Mobile internet brings food and fuel to communist-run Cuba



Since arriving in Cuba just two years ago, mobile internet has revolutionized life here — helping people find food, fuel and even medicine amid crippling shortages, and helping them organize protests in a country where waving a placard can land you in deep trouble.

Many in the Americas’ only communist-ruled state now wonder how they ever lived without it.

On the WhatsApp group Red Solidaria (Solidarity network), questions about basic necessities abound: “Flour please??”, “Has anyone seen toilet paper?”, or even “Does anyone know where to find milk?”.

Other online groups allow people to sell or exchange hard-to-come-by products: one user who goes by Gaby is looking to swap shower gel for toilet paper and soft drinks, while Leo is offering cooking oil and soap in exchange for baby food.

Yet more online groups see people rely on the tenacity of product scouts. On a platform called Que hay? (What is there?), photos of toothpaste, soap and cheese are uploaded from a supermarket by a user who had queued for four hours just to get in.

“There’s a lot of stuff here,” the patient patron, Wendy, advises other would-be clients, some of whom thank her for sharing the intel.

Up until December 2018, when mobile internet first arrived, Cubans wishing to use the internet had to find one of several dozen Wi-Fi hotspots in public parks or squares, and pay dearly for an unreliable connection.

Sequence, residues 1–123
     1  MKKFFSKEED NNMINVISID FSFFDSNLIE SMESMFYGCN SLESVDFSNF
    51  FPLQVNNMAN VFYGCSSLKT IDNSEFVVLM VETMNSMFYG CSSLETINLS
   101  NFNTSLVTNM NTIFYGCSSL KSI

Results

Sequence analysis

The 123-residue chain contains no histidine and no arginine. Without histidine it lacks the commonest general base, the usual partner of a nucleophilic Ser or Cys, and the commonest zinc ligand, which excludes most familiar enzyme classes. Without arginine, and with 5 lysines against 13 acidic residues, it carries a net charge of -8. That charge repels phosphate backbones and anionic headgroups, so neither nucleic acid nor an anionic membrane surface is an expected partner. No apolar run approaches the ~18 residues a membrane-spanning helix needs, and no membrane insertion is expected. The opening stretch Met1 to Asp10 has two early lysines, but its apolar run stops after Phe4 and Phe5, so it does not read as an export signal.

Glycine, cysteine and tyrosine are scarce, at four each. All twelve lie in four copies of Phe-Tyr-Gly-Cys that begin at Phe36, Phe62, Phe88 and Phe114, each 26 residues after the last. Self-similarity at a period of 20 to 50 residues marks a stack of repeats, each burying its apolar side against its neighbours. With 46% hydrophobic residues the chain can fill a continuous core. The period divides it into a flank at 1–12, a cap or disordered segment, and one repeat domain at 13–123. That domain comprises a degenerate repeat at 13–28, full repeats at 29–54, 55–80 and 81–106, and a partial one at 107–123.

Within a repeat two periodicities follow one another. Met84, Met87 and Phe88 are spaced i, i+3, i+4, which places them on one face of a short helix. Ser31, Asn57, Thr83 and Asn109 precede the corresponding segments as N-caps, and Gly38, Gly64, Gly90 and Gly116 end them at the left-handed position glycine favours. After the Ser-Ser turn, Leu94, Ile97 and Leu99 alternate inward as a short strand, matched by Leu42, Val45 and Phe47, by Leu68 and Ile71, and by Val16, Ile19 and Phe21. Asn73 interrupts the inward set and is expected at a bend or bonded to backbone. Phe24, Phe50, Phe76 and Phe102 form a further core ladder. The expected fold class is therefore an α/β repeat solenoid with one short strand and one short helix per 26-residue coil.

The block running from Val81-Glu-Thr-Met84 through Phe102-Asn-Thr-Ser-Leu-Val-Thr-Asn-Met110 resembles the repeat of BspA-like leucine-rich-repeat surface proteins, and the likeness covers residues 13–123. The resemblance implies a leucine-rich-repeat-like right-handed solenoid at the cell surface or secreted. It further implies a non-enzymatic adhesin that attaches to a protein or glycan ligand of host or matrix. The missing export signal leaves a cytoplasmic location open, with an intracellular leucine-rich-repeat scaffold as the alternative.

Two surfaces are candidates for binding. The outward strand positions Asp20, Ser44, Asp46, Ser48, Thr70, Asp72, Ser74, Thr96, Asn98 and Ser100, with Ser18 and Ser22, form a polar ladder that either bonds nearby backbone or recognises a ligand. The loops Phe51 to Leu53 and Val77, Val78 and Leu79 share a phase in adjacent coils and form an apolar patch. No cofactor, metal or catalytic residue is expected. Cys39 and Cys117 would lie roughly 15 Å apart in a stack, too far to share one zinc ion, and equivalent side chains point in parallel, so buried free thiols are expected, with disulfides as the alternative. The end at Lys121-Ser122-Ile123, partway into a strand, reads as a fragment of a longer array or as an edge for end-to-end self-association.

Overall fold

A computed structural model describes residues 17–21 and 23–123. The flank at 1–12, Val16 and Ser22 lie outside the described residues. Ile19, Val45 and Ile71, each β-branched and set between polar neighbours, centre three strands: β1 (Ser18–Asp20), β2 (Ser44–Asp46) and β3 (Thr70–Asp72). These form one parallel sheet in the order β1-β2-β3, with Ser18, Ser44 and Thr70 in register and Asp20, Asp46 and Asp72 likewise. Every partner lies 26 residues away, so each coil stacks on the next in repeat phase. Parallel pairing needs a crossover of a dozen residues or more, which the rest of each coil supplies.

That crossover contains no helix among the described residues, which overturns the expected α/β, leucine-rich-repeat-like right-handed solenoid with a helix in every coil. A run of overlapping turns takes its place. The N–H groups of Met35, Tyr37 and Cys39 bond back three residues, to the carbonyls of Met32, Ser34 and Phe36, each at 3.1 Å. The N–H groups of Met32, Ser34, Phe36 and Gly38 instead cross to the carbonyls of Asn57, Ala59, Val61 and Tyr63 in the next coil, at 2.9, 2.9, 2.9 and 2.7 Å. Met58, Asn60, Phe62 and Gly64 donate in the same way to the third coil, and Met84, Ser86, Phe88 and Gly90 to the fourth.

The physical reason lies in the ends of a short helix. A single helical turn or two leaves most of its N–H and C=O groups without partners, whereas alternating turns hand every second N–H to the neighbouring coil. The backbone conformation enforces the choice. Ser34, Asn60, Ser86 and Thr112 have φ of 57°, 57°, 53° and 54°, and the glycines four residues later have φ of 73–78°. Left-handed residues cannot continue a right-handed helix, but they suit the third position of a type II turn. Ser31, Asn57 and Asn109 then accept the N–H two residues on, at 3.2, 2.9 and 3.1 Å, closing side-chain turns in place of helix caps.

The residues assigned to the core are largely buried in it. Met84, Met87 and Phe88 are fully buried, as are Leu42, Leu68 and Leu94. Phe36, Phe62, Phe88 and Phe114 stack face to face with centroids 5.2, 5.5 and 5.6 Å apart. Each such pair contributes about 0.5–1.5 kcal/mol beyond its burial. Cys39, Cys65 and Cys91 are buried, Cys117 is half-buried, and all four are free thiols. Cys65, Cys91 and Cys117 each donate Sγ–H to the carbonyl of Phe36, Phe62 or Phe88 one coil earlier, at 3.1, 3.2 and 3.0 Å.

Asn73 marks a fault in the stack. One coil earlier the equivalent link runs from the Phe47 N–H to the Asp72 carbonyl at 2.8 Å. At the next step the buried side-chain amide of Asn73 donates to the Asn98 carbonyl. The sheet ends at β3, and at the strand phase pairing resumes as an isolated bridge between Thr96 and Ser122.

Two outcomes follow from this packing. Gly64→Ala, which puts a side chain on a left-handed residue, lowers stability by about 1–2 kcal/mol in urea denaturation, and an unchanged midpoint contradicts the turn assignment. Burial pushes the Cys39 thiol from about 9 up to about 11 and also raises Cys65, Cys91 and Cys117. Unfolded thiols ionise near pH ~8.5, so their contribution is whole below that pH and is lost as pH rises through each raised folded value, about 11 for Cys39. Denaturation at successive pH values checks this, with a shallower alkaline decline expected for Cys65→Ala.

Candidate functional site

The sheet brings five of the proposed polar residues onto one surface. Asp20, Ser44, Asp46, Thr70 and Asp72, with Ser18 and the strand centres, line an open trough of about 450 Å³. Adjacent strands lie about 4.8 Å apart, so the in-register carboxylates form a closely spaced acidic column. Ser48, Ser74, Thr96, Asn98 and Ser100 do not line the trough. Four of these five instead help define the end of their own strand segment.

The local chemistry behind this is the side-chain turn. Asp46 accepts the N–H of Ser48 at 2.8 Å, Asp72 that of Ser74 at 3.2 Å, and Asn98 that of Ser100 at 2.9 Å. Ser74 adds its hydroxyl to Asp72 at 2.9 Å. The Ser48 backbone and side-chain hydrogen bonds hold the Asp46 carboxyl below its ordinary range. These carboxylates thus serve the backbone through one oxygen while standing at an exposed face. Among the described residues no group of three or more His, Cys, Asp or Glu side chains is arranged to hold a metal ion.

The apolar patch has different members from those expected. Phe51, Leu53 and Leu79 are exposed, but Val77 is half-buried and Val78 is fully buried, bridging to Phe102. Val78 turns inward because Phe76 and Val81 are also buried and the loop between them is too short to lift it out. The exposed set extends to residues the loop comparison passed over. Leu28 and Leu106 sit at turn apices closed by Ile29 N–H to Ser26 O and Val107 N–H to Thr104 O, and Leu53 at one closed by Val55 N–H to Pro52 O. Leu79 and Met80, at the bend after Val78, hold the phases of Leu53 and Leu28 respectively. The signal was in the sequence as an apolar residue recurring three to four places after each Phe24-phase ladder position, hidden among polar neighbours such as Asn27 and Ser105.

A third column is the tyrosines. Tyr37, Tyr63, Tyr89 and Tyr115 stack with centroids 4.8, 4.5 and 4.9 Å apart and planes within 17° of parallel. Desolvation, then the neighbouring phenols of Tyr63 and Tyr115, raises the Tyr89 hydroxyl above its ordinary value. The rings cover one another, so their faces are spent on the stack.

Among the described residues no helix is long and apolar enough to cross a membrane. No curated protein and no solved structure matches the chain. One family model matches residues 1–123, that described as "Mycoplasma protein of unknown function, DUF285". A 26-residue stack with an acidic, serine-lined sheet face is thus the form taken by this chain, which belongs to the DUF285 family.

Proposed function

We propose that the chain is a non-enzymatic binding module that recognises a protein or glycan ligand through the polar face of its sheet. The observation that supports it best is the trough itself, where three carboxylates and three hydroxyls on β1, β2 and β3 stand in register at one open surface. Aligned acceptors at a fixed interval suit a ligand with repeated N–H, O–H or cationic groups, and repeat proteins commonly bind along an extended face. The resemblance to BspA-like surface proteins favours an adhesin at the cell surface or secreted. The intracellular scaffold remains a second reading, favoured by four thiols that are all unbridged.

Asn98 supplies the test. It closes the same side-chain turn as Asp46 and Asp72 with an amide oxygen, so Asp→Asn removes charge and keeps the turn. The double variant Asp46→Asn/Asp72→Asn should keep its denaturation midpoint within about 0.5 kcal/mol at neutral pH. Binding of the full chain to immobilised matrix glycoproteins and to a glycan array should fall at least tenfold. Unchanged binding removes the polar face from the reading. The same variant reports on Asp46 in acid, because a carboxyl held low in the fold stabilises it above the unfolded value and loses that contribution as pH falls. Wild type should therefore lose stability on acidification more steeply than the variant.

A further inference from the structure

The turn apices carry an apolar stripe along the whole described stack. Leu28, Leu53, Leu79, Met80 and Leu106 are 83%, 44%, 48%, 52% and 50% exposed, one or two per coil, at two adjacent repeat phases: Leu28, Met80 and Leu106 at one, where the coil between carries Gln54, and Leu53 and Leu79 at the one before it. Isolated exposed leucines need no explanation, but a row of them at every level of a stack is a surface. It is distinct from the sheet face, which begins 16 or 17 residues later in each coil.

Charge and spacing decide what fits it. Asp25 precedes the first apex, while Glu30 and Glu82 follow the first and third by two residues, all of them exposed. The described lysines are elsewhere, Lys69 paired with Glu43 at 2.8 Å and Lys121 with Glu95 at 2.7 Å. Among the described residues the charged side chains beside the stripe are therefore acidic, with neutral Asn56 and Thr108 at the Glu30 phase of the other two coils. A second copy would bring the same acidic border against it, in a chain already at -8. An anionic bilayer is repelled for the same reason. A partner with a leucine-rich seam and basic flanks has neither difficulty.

And even that initial access only became possible in 2015.

Today, with most people now using 4G service, more than a third of all Cubans — some 4.2 million of the island nation’s 11.2 million inhabitants — are surfing the web from their smartphones.

“It seems so natural to us today, but sometimes I stop and think that two years ago, we didn’t have it, and I think: ‘How was that possible?'” said Marta Deus.

For the 32-year-old, the internet opened the door to entrepreneurship.

A ‘revolution’

Since July, Deus has run an internet and mobile app-based home delivery company named Mandao — a first for Cuba.

Already, Mandao’s delivery bikes and their bright yellow cooler bags are ubiquitous on the streets of Havana, delivering some 100 meals daily from 70 client restaurants — a business model significantly boosted when city dwellers were ordered to stay home to quell the spread of the coronavirus.

Mobile internet “has been a complete revolution,” Deus said.

Apart from food and tips on where to find gasoline, some online groups are dedicated to helping people find medications, which are in constant short supply.

“It is much easier today to find someone who has what you need: without these groups, this would have been impossible. It would have been a matter of luck,” said Ricardo Torres, an economist at the University of Havana.

The sea change in internet use in Cuba also has yielded new outlets for recreation and making friends. 

Yasser Gonzalez, 35, wanted to organize a group of cycling enthusiasts. He says thanks to Facebook access, he started organizing events.

The first major ride through Havana came in 2015… with four bikers taking part. Now, more than 100 people show up for monthly rides.

And it’s not just riders who check out his Facebook page. One day, he got a message from a city government employee about plans for a new bike trail along the Malecon, which lines the coast in Havana.